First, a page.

Christian groups present over $111k to B’ham Jewish security campaign

Surrounded by pastors and ministry leaders, Tom Bradford presents check for $111,745 to Donald Hess, chair of the Birmingham Jewish community’s security enhancement capital campaign, and Levite Jewish Community Center President Allison Weil.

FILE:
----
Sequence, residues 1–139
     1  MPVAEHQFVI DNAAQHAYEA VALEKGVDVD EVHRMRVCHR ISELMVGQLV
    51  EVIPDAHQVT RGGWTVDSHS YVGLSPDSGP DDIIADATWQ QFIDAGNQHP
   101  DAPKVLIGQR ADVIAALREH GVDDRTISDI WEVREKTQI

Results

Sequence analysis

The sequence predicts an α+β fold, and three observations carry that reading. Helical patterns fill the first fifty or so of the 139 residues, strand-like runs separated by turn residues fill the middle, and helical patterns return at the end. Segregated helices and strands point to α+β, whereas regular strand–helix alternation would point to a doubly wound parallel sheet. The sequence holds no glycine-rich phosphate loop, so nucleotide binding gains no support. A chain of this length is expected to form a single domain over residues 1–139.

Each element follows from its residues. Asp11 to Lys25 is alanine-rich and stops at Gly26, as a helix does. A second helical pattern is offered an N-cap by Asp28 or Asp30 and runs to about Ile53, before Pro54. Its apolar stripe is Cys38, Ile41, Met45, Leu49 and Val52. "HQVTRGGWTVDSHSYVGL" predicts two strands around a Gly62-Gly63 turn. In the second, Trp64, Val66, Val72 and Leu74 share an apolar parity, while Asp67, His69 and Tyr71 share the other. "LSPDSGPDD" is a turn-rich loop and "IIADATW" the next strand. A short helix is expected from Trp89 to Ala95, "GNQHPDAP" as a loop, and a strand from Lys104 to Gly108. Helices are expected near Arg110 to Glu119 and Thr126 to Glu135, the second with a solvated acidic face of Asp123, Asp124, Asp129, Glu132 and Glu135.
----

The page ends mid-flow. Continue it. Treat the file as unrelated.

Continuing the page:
On the eve of Passover and the start of the Christian Holy Week, a coalition of 19 Birmingham-area churches and seven ministries stood in solidarity with “our neighbors” in the Jewish community. This afternoon, Tom Bradford of the National Christian Foundation of Alabama and Scott Dawson of Scott Dawson Evangelistic Association were joined by numerous pastors and representatives of the Christian community at a ceremony in the Levite Jewish Community Center board room. There, they presented a check for $111,745 to the campaign to enhance security at Birmingham’s Jewish institutions. The campaign was launched after the LJCC and N.E. Miles Jewish Day School received four bomb threats from mid-January until early March, as part of several waves of threats that affected about half of the JCCs in the country. Though an arrest was made on March 23, an increase in other threats nationally, including vandalism and other threats, has led to a continuation of efforts to enhance security at the facilities. The overall campaign has a goal of up to $1 million and will focus in part on the community campus on Montclair Road, which contains the LJCC, Cohn Early Childhood Learning Center, Day School, and the Federation and Birmingham Jewish Foundation offices. Area synagogues and other institutions will also receive funds to enhance their security, but the funds from the Christian campaign will go toward the Montclair Road campus. Dawson referenced the holy days as a time of coming together for a good purpose, saying “we need some good news in Alabama on a day like today.” Donald Hess, who is chairing the campaign, opened the ceremony by remarking that he was at the 1959 dedication of the building. He thanked the Christian representatives for being “so responsive to the pressures we were feeling in the Jewish community.” Growing up in Mountain Brook, he said people elsewhere in the country would ask about anti-Semitism here, but “generally that hasn’t been the feeling” here. Still, there were times when the Jewish community has felt isolated. As many in the Christian community started attending AIPAC events, Hess said, “we realized a large part of the Christian community wanted to stand with us,” and “it makes us feel stronger.” He said that though there are areas of disagreement, “it’s just incredible when we find issues we can coalesce around and work together.” Dawson said there were three main reasons why the groups responded to the call. “God has commanded us to love our neighbors as ourselves,” he said. It is also an opportunity “to share what we stand for” instead of being seen as against something. “We stand for religious liberty, that anyone can live out their faith,” he said. The third reason was the children, Dawson said. “When innocent children have their days interrupted with bomb threats, anyone with common sense rises up.” Over two-thirds of the LJCC’s membership is not Jewish, and it is seen as being a place to bring together those from a wide range of religions and ethnicities. Honora Pinnick, communications director at Independent Presbyterian, spoke as a parent of two of the more than 100 Christian children who attend the Cohn ECLC at the LJCC. She said the effort by the churches show “the Gospel isn’t something (the children) listen to every Sunday at church, it’s a way they live their lives.” Rebekah Weinberger, founder of Parents of the LJCC, said they felt “an outpouring of love” from the community over the last four months, and having so many churches stand in solidarity shows, as Elie Wiesel said, “people have learned from history.” Hess said he and Bradford started to really get to know each other while working with United Way. “We were looking for ways to make this a stronger community for everybody.” Bradford said he has done fundraising for decades, but “this was the most fun and easiest” to raise money for. Bradford said he spoke with Richard Friedman, executive director of the Federation, a month ago as the campaign began. That night, Bradford wondered what he would have done had he been a Christian in Germany in the 1940s. He also thought of “all the national publicity we get as a city of hate, but that’s not the Birmingham I know.” Raising a substantial amount “would send a statement to the Jewish community, our whole community and maybe nationwide, that Birmingham is a city where people come together,” he said. The next day he addressed a leadership meeting, and “about 7 or 8 came up after the meeting and said we have to do this.” He mentioned it to Rick Burgess of the nationally-syndicated “Rick and Bubba” radio show, and Burgess said he wanted to mention it on the show. That weekend, Harry Reeder, senior pastor of Briarwood Presbyterian church, said he wanted to be involved. After sending out an email “so we’d all be singing from the same hymnal, the money started pouring in.” The participating churches are Briarwood Presbyterian, Canaan Baptist, Canterbury United Methodist, Cathedral Church of the Advent, Catholic Diocese of Birmingham, Church at Brook Hills, Church of the Highlands, First Baptist Church of Birmingham, Gardendale First Baptist, Independent Presbyterian, Liberty Church, Mountain Brook Community Church, Mt. Signal Baptist of Chelsea, Oak Mountain Presbyterian, Shades Mountain Baptist, Shades Mountain Independent, St. Luke’s Episcopal, St. Mary’s Episcopal and St. Peter’s Anglican. Participating ministries are Alliance Ministries, Center for Executive Leadership, JH Ranch, Lifework Leadership, National Christian Foundation of Alabama, Scott Dawson Evangelistic Association and Young Business Leaders. In the first of two closing prayers, Reeder said it “pains our heart” to reflect on the threats that brought everyone together. He gave thanks for the LJCC “as an asset to the community” and for the opportunity to be “part of the continuing of its work.” Rabbi Laila Haas of Temple Emanu-El expressed thanks “for the fellowship of those around us” and spoke about the Passover journey “from darkness to light, despair to hope and redemption.” Dawson said the campaign crossed denominational and racial lines. And they’re not done. “Just this morning I got emails from three churches” that want to participate, Bradford said, but “once we got over $100,000 I wanted to bring this check.”